Uh-oh — it looks like someone left a rather big hole open in Samsung’s kernel for its latest Exynos-based devices. An exploit has been reported to exist that would allow a malicious application to gain full access to a user’s device. For some reason, several parts of the memory system are open for read/write access to anyone.
It’s said to affect any device with the Exynos 4210 and 4412, which would include heavy hitters such as the Exynos Samsung Galaxy S2, the Exynos Samsung Galaxy S3 and all Samsung Galaxy Note 2 units. Those with Qualcomm-based devices — which were common with the Galaxy s2 and Galaxy S3 here in North America due to LTE — are safe.
For an idea of just how bad this exploit is, know that it is possible for anyone who knows what they’re doing to gain root access fairly easily — so easily, in fact, that you don’t need to ODIN or do any fancy file transferring to do so. This means an app you download from the Google Play Store or third party sources could quietly break into any part of the system it wants to without much effort at all.
More details about what seems to be going on can be found at the XDA thread where many folks within the development community have come together to discuss the exploit. A temporary low-level fix has been provided for developers who want to experiment with it or implement it into their ROMs, but the fix does seem to break access to the device’s camera. It comes down to what’s more important: security or photos? The former should ring true for most, but we understand the hesitance of not wanting to lose the latter.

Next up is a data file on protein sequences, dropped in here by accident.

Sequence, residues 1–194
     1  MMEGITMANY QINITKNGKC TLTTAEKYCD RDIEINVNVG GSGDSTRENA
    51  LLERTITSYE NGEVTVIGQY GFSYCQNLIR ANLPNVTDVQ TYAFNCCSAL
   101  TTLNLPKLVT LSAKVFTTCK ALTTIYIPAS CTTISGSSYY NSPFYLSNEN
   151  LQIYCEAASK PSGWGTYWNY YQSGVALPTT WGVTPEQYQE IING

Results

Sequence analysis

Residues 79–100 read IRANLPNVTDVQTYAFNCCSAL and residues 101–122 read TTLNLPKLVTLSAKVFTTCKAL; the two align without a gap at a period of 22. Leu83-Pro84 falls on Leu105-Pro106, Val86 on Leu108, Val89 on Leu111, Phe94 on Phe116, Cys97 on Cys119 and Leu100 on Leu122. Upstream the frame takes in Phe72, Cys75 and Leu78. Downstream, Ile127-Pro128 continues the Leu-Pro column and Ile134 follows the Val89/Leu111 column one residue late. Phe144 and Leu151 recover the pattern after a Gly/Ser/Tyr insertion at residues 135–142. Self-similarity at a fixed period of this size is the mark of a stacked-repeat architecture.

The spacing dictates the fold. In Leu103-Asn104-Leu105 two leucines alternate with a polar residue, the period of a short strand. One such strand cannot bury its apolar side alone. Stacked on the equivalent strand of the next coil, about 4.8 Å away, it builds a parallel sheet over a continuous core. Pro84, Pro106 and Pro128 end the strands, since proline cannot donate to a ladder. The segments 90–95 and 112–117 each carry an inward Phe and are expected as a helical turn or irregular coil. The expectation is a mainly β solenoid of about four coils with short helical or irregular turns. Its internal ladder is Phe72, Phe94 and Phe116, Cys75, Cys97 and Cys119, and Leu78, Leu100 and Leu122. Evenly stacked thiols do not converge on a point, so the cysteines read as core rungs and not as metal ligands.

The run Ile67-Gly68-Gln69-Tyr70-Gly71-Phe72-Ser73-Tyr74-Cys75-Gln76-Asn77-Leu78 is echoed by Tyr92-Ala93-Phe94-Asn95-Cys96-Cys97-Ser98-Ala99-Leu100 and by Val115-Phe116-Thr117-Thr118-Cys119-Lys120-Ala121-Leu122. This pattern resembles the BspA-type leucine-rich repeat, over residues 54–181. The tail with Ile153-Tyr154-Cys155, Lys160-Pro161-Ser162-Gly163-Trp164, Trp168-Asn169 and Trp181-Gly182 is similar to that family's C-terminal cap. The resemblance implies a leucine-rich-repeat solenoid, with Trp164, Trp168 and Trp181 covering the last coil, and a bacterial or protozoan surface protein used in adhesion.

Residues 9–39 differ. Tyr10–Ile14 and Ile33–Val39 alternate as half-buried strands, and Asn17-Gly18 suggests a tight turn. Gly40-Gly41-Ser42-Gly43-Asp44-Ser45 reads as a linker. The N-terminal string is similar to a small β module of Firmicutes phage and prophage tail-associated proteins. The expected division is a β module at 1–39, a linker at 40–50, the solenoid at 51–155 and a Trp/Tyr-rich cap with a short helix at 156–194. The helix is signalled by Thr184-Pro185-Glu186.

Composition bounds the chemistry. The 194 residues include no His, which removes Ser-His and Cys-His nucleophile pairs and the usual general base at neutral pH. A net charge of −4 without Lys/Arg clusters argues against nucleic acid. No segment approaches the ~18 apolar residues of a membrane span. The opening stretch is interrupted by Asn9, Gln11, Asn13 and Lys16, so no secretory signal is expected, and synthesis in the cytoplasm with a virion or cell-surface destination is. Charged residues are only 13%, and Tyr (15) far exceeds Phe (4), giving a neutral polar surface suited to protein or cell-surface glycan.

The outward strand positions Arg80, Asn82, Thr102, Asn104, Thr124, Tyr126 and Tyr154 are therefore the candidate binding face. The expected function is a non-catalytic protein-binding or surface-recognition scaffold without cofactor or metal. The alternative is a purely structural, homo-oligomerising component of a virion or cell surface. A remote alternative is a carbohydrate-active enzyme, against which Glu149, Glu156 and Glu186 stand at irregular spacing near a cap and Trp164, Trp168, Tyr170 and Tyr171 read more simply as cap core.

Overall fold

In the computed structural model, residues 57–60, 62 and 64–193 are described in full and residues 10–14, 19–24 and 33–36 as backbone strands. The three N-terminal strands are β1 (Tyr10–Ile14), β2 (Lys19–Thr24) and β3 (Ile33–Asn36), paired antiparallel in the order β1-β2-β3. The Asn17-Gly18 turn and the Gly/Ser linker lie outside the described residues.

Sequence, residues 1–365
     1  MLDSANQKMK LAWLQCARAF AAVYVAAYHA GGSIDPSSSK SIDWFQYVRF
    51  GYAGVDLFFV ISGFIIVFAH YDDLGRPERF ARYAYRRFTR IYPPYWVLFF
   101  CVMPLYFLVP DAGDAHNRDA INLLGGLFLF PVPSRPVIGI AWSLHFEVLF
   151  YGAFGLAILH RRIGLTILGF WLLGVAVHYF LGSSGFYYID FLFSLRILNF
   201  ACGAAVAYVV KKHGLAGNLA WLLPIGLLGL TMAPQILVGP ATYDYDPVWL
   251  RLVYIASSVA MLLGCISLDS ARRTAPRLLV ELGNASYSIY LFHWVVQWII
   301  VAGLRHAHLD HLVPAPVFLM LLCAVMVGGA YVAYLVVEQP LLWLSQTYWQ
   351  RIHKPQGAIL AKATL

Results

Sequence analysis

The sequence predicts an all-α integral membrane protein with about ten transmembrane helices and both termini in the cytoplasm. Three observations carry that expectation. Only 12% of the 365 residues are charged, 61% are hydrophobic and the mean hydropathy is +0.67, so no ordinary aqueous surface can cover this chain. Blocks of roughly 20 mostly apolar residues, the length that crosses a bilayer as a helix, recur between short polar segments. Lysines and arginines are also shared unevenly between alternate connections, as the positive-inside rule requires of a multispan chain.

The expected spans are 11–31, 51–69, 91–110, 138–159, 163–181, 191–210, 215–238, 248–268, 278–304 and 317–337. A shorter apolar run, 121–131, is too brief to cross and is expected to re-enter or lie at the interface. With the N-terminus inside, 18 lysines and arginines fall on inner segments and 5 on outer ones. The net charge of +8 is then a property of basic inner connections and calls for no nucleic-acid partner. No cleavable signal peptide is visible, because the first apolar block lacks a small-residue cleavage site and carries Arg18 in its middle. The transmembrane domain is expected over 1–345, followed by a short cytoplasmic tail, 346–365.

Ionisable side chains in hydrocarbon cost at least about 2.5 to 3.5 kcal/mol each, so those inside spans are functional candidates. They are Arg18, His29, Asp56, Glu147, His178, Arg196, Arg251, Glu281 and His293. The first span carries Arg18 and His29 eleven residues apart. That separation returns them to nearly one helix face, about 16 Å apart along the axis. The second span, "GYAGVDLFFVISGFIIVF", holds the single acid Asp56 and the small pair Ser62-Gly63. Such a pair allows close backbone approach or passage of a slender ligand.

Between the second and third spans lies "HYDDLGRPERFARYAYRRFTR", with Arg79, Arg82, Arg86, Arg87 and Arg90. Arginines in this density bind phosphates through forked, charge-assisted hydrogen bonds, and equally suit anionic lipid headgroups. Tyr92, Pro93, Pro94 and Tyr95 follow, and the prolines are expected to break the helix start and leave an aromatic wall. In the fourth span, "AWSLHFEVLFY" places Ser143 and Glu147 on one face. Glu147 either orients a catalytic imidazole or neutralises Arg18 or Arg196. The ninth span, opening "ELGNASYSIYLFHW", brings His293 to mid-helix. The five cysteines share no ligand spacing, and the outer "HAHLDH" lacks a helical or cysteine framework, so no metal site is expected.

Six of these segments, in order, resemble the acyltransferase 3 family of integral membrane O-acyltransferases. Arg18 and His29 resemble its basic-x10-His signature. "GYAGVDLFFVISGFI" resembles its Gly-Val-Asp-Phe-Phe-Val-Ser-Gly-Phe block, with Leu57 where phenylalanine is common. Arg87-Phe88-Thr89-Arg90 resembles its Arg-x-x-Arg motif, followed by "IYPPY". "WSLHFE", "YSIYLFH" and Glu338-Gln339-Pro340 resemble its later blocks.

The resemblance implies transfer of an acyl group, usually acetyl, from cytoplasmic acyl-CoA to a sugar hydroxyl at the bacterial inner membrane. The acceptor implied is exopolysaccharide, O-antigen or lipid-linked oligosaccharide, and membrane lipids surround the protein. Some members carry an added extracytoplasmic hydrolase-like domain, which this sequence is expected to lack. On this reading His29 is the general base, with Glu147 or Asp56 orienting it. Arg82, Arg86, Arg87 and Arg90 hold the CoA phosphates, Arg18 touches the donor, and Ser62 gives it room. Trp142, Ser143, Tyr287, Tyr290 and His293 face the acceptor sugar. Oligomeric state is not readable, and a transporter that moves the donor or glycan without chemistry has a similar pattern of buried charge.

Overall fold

Luckily, danger should be easily avoidable. For starters — and you might have heard this a lot in the past, but here it is again — please remember to download from trusted sources only. Try and stick to the Google Play Store wherever possible, and don’t download any app that looks suspicious.
Most folks in the Play Store are genuine, but one or two apps may try and sneak their way into people’s phones by disguising themselves as something they’re really not. Most of these types of apps tend to be simple wallpaper or ringtone apps, so if there was one category you absolutely had to stay away from then that would be it.
If you’re downloading APKs for the purposes of sideloading then be sure that you can trust the developer who provides it. Even if you trust the developer, make sure you’re reading comments regarding the APK, and make sure you’re downloading from the developer’s own link.
Of course, avoidance is not the best course of action — an even better solution would be an official fix from Samsung. The company has acknowledged that a problem might exist and has launched a formal investigation into the matter. We’re hopeful it’ll find that the development community is right, and that a fix will be rushed out worldwide to prevent a huge problem.
- Android 5.0 Lollipop coming to Galaxy Note 2
- Cryptophone detects fake cell towers
- Verizon Galaxy Note 2 gets KitKat
- No KitKat for 3G Galaxy S3